bradley-2620

bradley-2621

bradley-2628

bradley-2633

bradley-2636

bradley-2672

bradley-2646During the viewing we had a visit from Ruby Brown who served as a nurse in the house providing a link to the past use of the building.  When the Craig family moved out the building became the UVF Hospital at the end of the First World War.

bradley-2684 The granddaughter of Lord Craigavon with Ruby Brown.

bradley-2658

The other contributing photographers were Rennie Gribbin of Rennie Gribbin Photography and Thomas Sewell.  Finally thanks are due to the Unionist Centenary Committee for making this exhibition possible.

 

Craigavon House Staircase

Today I visited Craigavon House, the home of the first prime minister of Northern Ireland, to attend a meeting and I had to opportunity to look around this historic building which is currently in need of restoration.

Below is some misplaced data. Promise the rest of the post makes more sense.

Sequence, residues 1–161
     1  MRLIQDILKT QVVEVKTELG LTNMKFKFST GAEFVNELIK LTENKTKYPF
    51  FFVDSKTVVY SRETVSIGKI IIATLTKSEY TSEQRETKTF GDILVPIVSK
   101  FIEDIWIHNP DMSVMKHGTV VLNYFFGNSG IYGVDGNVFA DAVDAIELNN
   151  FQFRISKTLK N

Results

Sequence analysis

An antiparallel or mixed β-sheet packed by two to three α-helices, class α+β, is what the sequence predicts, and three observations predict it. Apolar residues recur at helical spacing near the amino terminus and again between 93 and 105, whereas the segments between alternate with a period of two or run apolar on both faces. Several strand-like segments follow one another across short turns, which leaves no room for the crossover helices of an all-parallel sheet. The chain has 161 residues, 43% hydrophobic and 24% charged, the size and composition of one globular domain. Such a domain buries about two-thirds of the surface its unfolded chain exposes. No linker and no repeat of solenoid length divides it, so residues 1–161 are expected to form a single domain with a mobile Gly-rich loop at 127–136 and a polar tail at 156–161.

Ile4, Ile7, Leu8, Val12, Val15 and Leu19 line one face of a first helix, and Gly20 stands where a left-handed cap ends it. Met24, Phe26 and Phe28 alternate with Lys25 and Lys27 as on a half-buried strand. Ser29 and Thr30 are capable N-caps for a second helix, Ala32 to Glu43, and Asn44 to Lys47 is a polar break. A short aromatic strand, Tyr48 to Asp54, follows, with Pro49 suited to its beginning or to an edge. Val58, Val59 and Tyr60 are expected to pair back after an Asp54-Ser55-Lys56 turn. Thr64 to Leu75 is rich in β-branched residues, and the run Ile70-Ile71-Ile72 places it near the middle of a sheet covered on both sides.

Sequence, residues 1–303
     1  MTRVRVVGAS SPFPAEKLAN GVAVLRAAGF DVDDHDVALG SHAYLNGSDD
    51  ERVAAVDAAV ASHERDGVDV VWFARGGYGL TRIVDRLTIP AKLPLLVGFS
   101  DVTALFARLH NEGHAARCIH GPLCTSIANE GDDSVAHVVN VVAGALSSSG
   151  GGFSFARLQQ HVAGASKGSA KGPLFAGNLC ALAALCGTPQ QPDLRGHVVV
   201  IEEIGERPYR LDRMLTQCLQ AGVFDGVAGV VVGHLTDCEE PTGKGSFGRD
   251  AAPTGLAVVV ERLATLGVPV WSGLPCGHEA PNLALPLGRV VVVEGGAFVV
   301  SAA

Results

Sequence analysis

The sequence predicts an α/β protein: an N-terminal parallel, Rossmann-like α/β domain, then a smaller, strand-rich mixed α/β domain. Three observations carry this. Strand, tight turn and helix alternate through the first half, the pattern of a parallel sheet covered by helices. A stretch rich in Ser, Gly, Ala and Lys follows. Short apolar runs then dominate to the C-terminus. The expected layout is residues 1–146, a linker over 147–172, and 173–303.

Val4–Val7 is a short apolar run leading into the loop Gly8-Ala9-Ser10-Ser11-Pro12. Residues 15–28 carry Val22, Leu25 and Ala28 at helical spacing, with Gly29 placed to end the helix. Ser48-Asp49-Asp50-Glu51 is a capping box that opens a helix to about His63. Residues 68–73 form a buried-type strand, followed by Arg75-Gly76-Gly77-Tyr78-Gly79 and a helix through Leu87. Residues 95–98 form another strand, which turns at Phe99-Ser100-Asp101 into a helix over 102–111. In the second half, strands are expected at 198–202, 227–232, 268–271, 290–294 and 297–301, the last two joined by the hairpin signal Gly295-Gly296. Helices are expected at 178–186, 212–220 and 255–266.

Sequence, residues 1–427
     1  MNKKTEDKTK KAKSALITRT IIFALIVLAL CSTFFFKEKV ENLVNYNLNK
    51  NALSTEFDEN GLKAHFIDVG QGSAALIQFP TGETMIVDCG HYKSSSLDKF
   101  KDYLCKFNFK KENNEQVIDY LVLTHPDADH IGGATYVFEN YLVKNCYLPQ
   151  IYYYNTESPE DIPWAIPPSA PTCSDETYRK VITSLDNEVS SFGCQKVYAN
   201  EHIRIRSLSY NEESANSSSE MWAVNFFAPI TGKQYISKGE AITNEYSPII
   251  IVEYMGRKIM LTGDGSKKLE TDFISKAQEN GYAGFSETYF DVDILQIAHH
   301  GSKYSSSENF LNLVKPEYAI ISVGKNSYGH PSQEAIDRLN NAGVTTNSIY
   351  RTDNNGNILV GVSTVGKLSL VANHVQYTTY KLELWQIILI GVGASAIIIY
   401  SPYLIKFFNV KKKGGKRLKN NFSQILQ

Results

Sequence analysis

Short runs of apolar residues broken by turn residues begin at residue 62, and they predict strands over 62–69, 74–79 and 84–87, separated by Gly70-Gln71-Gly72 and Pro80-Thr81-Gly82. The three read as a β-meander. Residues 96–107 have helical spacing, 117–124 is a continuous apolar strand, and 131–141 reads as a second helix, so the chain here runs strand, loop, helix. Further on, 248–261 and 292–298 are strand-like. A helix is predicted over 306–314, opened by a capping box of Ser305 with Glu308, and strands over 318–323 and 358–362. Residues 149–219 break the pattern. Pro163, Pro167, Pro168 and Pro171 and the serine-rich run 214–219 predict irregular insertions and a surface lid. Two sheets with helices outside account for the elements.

It was sad to see the building in such bad shape but you could still feel the history and former grandeur of the Craig family home.  In particular I was struck with the staircase which was lit by overhead skylights allowing natural light to flood in.

With no particular purpose in mind I let my eye seek out interesting angles using a 21mm wide angle lens on my Fujifilm X Pro 1 camera.  Unfortunately upstairs is out of bounds due to health and safety,  but I hope at some point I can return to this interesting building.

Craigavon House, Staircase

2500iso, f3.2, 1/125 second


Craigavon House, Staircase

2500iso, f2.8, 1/125 second


Craigavon House, Staircase

1600iso, f2.8, 1/125 second


Craigavon House, Staircase

3200iso, f2.8, 1/160 second